Rwanda Huye Mountain Washed Arabica Green Coffee Beans (1kg)
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|Location/Origin||Huye District, Southern Rwanda|
|Owner / Farm||David Rubanzangabo|
|SCA Cup score and notes||85.55 Apricot compote and clove with a delicate floral lemon honey body
Located on the slopes of Huye Mountain in the Huye District in Southern Rwanda, this private washing station is owned by David Rubanzangabo.
David grew up the area and established the washing station in 2011. He has sincebuilt another site nearbyto theoriginal washing station to allow for a greater number of deliveries during harvest season.
Davidis aphilanthropistwho cares deeply about the small holder farmers who deliver their coffee to his station, and constantly strives to make improvementsto ensurethat the
1330 farmerswho deliver cherry to Huye receive fair prices and premiums based on the quality of the coffee they produce.
Alongside payments, David also rewards the farmer groups he works with with social premiums and quality incentives -such as cows, goats,access to micro-loans, school fees and health insurance. In addition, David has driven environmental changes at Huye, initiating a water reduction program, which involves recycling water used for pulping, with the aim of reducing use atthe station by a third.
During harvest season, producers deliver their freshly picked coffee cherries to 26 collecting stations around the Huye community, where a truck visits daily to collect coffee during harvest season. Typically, a small holding in the district is just a quarter of a hectare in size, with around 200 trees. The yield is about 4kg of cherry per tree, so eachfarm only produces roughly 2 bags of coffee. It is entirely Bourbon, which, coupled with analtitude ranging from 1,600 to 2, 300 metres above sea level, brings about lots of complexity and great flavours in the cup. David's drivefor quality has brought about a big increase in prices for local farmers. Confirmation of the high levels of quality thatthey are producing is Huye's success in the Cup of Excellence: 2nd place in 2012, and 6th and 11th in 2013 with twocompeting lots.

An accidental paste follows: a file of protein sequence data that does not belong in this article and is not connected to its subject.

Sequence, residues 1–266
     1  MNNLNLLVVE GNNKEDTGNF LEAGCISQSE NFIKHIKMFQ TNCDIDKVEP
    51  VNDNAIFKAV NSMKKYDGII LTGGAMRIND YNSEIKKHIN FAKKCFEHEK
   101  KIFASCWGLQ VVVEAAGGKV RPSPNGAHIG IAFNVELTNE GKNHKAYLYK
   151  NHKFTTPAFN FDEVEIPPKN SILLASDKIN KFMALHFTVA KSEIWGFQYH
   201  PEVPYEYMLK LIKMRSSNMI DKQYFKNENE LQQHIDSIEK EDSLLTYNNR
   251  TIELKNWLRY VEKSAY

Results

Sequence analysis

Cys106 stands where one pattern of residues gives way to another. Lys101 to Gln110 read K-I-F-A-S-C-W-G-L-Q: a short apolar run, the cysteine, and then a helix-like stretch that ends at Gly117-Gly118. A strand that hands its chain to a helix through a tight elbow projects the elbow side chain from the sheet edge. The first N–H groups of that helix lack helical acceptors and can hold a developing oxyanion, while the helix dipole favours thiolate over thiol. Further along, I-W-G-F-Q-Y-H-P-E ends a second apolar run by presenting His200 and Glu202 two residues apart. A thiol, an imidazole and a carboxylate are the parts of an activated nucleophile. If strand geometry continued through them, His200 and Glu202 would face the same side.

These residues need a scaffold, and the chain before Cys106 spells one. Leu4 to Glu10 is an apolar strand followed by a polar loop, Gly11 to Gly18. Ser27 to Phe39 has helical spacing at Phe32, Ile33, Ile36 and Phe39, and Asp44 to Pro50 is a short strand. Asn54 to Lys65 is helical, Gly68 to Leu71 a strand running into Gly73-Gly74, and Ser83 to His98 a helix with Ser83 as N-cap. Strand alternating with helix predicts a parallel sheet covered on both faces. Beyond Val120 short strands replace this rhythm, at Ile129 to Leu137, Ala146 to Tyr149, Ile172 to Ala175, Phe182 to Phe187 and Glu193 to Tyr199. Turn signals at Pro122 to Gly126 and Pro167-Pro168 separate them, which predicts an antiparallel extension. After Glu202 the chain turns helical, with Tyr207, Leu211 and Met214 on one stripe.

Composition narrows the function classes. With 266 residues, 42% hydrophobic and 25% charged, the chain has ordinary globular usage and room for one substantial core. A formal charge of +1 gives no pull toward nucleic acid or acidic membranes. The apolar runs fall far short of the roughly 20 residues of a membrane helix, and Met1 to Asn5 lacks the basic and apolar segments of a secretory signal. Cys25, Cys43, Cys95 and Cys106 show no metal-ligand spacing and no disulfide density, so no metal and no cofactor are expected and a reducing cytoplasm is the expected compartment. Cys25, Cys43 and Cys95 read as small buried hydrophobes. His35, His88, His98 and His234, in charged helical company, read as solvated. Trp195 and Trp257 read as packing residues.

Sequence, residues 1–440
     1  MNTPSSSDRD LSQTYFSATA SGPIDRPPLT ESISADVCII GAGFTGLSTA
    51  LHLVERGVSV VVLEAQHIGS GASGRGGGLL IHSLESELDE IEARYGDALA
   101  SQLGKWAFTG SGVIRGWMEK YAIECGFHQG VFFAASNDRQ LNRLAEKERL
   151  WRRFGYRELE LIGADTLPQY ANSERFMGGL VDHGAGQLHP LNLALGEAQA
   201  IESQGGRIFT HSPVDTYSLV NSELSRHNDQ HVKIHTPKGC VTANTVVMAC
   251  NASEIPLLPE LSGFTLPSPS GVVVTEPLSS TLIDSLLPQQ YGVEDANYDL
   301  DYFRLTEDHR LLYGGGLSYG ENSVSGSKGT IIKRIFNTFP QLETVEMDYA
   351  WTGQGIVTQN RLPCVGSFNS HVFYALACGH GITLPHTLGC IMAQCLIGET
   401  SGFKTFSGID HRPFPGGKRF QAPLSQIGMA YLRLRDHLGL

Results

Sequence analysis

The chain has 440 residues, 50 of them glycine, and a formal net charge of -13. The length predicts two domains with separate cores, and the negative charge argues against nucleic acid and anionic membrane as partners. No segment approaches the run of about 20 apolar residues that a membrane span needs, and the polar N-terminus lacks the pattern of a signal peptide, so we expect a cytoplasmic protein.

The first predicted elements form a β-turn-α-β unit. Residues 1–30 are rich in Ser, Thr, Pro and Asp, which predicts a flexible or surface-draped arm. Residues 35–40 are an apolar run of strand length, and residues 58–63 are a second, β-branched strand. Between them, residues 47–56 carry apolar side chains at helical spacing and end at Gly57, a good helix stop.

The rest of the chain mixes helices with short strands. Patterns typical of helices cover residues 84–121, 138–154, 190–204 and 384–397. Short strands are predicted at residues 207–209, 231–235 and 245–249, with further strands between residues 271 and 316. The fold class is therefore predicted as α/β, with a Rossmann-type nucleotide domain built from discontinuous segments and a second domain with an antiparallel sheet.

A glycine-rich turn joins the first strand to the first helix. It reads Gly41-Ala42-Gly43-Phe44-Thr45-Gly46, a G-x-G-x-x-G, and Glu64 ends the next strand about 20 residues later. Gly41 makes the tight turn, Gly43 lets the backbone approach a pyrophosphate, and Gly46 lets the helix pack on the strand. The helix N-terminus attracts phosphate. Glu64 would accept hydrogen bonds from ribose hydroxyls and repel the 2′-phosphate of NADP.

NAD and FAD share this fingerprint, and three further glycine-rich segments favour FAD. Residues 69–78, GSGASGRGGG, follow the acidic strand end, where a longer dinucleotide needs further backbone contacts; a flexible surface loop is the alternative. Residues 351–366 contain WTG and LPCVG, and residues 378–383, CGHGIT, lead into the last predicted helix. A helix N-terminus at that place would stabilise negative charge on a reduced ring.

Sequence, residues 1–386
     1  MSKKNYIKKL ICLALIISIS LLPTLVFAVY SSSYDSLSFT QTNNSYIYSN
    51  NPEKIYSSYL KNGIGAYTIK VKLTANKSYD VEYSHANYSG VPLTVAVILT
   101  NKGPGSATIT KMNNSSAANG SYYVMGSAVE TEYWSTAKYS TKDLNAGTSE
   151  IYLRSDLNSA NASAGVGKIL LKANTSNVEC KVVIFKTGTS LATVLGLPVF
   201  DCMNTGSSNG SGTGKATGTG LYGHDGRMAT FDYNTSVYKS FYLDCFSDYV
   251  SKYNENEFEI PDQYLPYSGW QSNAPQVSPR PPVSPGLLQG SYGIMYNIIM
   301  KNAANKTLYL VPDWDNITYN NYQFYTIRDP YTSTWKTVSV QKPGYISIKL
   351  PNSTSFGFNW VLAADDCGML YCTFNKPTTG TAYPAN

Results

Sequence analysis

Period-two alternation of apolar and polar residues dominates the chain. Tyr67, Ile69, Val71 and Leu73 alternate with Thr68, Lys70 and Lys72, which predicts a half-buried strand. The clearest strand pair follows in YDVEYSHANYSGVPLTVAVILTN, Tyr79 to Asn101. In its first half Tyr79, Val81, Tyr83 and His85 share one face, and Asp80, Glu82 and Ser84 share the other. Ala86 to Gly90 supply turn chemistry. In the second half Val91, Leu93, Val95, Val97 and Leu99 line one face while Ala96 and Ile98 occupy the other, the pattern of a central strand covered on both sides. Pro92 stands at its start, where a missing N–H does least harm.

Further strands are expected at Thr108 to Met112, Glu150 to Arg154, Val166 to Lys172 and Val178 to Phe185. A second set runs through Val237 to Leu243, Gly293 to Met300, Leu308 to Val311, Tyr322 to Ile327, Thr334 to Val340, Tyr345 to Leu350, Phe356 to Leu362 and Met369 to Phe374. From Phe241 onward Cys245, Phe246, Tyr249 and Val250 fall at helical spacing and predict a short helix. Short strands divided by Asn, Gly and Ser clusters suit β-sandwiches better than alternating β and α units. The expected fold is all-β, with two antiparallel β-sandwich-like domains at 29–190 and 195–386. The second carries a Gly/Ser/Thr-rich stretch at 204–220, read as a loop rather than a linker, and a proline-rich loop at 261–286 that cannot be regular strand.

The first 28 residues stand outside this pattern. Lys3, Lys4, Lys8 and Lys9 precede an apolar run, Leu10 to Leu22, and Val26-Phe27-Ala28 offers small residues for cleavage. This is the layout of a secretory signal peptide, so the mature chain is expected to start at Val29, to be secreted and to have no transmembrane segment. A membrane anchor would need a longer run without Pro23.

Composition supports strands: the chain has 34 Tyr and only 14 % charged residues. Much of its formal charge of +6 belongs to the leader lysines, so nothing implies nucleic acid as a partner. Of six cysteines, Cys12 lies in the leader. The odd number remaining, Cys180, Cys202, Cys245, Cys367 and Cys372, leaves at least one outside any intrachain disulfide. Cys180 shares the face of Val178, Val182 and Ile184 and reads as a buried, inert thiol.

The processing is based on washingthe coffee with a set up that is typical throughout East Africa. The freshly delivered coffee is inspectedto ensure only good red and ripe cherries are
included. Then it is put into the receiving tank where inferior floatersare removed. The denser, high quality cherries are then pulped in a Penagos discpulper before entering a concrete fermentation tank where they are held for 12 to 15 hours. It is a dry fermentation process meaning that extrawater is not added. After this the mucilage is loose enough to be washed away and the tank is then filled withwater and the coffee turned with a large wooden paddle before being drained.This process is repeated a further 4 timesto ensure the coffee is clean before being channelled through water (when further floaters are removed) and is
then transportedto raised beds for drying. Initial drainage drying is under shade as the coffee could be damaged atthis point if it is exposed to too much heat. Then it is taken to the drying tables in the sunshinewhere the beans are diligently sorted by hand to remove defects, and turned it regularly. This can take between 15 to 20 days.
The parchment coffee then goes to storage to be held for two months while it conditions (the evening of moisture content)before being trucked to the mill of our sister company, Rwanda Trading Company, in Kigali. Here the parchmentis milled away and any further defects are removed using light sorting machines. Gravity sorting machinesare also used to remove broken beans and foreign bodies before the coffee is finally packed into 60kg bags (lined with Grain Pro) and containerised for export. The coffee is trucked to either Dar es Salaam in Tanzania or Mombasa in Kenya, where it is shipped to our roaster clients around the world.